Neera Gatti was born in Trieste but brought to Venice all her professional life as a ceramist and teacher of this discipline. In Trieste, on the other hand, worked for her entire short life Marina Cons, an exuberant designer and architect first in the prestigious studio Celli Tognon, then as a freelancer. From Trieste is also Emanuela Marassi. Her work, over time, has developed in the direction of art, but how can we forget her first steps in the world of naval furniture alongside Augusto Cernigoj, a pupil at the Bauhaus? Marassi represents a red thread that links Friuli Venezia Giulia to the great history of design, and tradition to the current contaminations of ArtDesign. Always in Trieste works Lodovica Fusco, a very young jewel maker chosen for her curious elaborations with materials and workmanship apparently unsuitable for the idea of jewellery which, moving away from the world of goldsmith craftsmanship, enters the world of design.
The research promoted by MuDeFri, Women Designers in FVG (Friuli Venezia Giulia), allows us to think about the areas in which their professionalism is absorbed: craftsmanship seems to be a field where women move more easily, often flanking it with a permanent job as teachers of art or design.
Many of them are architects and design custom-made furniture for renovations for which they have been commissioned, while few are the designers employed in the technical offices of the companies, and decidedly in the minority are the freelance professionals. And again: we have found that it is a characteristic of moving freely between design, installations, renovations, new buildings, interior architecture, with trespassing in fashion, art, philosophy and technology, and in writing: is it a feminine peculiarity or proper to the designer? The debate is open.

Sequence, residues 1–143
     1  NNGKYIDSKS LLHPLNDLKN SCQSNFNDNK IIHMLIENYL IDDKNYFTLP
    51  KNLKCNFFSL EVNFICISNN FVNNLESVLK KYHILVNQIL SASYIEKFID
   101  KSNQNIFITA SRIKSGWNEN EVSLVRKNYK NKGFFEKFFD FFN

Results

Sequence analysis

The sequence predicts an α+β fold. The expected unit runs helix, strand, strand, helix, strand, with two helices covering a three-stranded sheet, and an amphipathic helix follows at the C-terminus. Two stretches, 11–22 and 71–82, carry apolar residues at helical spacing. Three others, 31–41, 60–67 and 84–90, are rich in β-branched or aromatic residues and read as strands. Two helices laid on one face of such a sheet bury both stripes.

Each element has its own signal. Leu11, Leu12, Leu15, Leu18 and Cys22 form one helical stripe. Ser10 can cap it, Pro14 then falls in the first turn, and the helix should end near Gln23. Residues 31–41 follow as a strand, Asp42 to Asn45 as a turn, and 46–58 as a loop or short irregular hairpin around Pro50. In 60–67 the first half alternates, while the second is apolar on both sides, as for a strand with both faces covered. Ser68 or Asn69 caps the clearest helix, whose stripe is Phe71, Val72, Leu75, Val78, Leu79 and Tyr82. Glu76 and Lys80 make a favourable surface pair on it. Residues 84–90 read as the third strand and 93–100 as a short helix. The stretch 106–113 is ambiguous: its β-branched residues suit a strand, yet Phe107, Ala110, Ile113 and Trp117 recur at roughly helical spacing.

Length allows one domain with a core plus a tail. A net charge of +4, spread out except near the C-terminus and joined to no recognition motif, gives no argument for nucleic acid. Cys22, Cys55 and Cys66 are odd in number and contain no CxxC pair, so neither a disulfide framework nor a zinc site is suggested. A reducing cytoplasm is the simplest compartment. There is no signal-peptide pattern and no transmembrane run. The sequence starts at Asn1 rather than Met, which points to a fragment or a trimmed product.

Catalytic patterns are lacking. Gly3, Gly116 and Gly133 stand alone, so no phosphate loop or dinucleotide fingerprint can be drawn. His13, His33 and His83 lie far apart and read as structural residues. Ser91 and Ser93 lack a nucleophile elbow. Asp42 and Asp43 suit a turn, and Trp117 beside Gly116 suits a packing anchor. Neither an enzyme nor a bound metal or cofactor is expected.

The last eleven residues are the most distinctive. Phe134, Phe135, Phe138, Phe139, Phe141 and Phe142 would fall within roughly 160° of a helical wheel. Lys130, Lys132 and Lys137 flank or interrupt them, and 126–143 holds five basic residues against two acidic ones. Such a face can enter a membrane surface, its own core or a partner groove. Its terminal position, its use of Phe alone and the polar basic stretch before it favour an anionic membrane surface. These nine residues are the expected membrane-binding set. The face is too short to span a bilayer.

Women Designers in FVG is structured in virtual rooms, each of which is dedicated to a designer. The order is alphabetical, to avoid embarrassing categorizations. In line with the curatorial choice of the Triennale, MuDeFri’s research has focused on designers in the field of industrial and artisanal design. There were no women who worked in architecture, graphics or art who were the subject of research. In the last room of the exhibition there are the first results of the census activated with a first list of designers, a list that the MuDeFri promises to update with the relevant fact sheets or external links.
An important moment was Udine Design Week 18, during which two women’s exhibitions and a photo mapping were organized, which allowed to deepen the research in the province of Udine. Similar events in Pordenone, Trieste and Gorizia will allow to have a wider vision of the world of design in Friuli Venezia Giulia.
(thanks to Anna Lombardi for the text and for the precious work)